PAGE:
Trivy Operator Overview

Trivy Operator Overview


Detailed tutorial on creating continuous security scans across your Kubernetes workloads and infrastructure with the Trivy Operator.

Trivy, the all in one, cloud native security scanner enables users to scan your Kubernetes cluster for security issues right through the CLI. This is great for scanning static resources before deployment. However, to provide continuous scanning of already deployed resources inside your Kubernetes cluster, the Trivy Operator provides a better alternative to automate scans.

This blog post provides an overview of the difference between the Trivy CLI and the Trivy Operator and then details how you can get started with the Trivy Operator.

Image Description: The image above displays the misconfiguration scan of your running workloads. Please take a look at the Overview section of this blog post for further details

Using the Trivy Operator for in-cluster scanning vs the Trivy CLI

If you are already a Trivy user, you might be familiar with the trivy k8s command in the Trivy CLI that allows you to scan a Kubernetes cluster.

Using the Trivy CLI to perform Kubernetes cluster scans is a great option to perform ad-hoc scans if you have direct access to the cluster’s kubeconfig. However, in production environments, most cluster-admins and SREs might not have the necessary permissions to scan the cluster through the CLI.

For more information on the differences between the Trivy Operator and the Trivy CLI, take a look at the following blog post on the Aqua Security blog.

As an alternative to performing scans on the developer machine, it is also possible to scan the in-cluster resources with the Trivy CLI through CI/CD pipelines. The Trivy documentation provides several examples for different providers. However, that might have the following disadvantages if used for running workloads:

1. You will need to connect your cluster to your CI/CD pipeline. In some cases, those environments might already be connected. There is a difference between creating new services in specific namespaces and accessing your entire cluster for different types of security scans. The latter will provide your CI/CD pipeline with lots of privileges. Generally, it is bad practice to access infrastructure resources from outside the environment. It is much better to push information to external platforms from inside your infrastructure.

2. Inflating the purpose of your CI/CD pipeline. Most of the scans that you would perform with Trivy are focused on scanning your deployment resources. Trivy treats those resources as static. Meaning, those resources are scanned as they are at a single point in time.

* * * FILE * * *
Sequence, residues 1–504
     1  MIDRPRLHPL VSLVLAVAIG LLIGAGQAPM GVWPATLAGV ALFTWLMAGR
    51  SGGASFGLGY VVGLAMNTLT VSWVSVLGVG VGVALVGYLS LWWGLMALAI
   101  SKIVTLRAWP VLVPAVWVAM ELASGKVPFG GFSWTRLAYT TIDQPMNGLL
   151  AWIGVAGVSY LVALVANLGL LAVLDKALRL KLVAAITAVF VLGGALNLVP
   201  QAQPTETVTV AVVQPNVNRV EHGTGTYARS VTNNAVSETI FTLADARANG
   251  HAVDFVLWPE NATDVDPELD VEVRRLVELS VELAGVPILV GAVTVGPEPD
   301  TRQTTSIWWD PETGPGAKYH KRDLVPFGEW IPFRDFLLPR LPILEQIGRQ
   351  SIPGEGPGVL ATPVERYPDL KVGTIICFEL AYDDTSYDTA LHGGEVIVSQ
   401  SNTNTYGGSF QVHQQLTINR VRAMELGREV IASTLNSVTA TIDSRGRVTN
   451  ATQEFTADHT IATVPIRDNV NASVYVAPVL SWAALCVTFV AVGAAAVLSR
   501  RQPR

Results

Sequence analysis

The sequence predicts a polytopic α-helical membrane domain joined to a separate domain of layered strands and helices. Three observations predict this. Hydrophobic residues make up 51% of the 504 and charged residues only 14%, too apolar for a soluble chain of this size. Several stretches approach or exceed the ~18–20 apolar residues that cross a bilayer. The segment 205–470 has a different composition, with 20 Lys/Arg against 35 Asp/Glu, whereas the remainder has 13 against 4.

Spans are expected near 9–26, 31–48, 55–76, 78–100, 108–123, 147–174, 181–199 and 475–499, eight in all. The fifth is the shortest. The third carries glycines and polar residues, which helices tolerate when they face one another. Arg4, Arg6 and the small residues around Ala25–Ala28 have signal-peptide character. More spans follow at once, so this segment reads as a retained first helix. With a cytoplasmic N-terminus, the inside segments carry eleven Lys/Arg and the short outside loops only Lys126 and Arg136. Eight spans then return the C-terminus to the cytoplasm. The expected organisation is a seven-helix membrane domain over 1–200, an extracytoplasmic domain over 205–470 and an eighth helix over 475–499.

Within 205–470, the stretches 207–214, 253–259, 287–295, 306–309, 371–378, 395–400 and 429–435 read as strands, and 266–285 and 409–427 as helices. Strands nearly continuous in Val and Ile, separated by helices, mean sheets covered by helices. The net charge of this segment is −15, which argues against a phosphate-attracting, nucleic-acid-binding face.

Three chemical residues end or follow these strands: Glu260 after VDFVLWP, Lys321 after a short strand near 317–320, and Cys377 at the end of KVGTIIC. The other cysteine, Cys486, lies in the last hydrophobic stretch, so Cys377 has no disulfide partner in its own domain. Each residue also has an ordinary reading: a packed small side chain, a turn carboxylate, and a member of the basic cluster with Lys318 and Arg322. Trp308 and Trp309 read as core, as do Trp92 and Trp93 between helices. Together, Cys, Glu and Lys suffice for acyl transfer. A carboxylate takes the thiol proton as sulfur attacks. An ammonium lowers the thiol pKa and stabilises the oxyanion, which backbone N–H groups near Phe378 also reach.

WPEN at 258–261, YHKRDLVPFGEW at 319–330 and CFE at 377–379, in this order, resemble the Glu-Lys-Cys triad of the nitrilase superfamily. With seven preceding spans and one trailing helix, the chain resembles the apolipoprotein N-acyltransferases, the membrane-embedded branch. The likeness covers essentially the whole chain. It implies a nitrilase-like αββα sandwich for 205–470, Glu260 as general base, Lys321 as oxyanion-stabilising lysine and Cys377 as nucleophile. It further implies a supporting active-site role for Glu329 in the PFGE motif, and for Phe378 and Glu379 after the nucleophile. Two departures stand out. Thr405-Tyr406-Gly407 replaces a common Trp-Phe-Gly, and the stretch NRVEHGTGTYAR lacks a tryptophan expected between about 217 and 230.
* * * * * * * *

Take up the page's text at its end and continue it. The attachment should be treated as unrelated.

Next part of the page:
In order to prevent inflating your CI/CD pipeline, you would likely set up a separate pipeline for in-cluster scanning.

3. A lot of times, CI/CD pipelines will only run if there are changes to any of the workloads that are managed by the pipeline. However, new vulnerabilities might be disclosed in the meantime that affect your running workloads.

Overview of the Trivy Operator

The Trivy Operator is installed like any other Kubernetes Operator inside the cluster, following Kubernetes best practices. Users have the option to either install it through a Helm Chart or as Kubernetes Manifests through kubectl. Additionally, the following repository provides several other installation options, including:

  • ArgoCD
  • Terraform
  • Pulumi (to be added)

You can find a video tutorial on the different installation options here.

Once installed, the Operator is responsible for monitoring the Kubernetes infrastructure and installed resources. First, the Trivy Operator will scan all existing resources. If the state of the cluster changes, either because existing resources are modified or new resources are installed, new scans will be triggered from the Trivy Operator on the resources that changed.


The Trivy Operator can perform several different scans inside your cluster. Below, you will first find the name of the scan report that the Operator will generate and then the description of the report. *Taken from the README on GitHub

  • VulnerabilityReports: Automated vulnerability scanning for Kubernetes workloads.
  • ConfigAuditReport: Automated configuration audits for Kubernetes resources with predefined rules or custom Open Policy Agent (OPA) policies.
  • ExposedSecretReport: Automated secret scans which find and detail the location of exposed Secrets within your cluster.
  • RBACAssessmentReport: Role Based Access Control scans provide detailed information on the access rights of the different resources installed.
  • InfraAssessment: K8s core component Infrastructure Assessment scan Kubernetes infra core components (etcd,apiserver,scheduler,controller-manager and etc) setting and configuration.
  • Compliance reports:

* NSA, CISA Kubernetes Hardening Guidance v1.1 cybersecurity technical report is produced.

* CIS Kubernetes Benchmark v1.23 cybersecurity technical report is produced.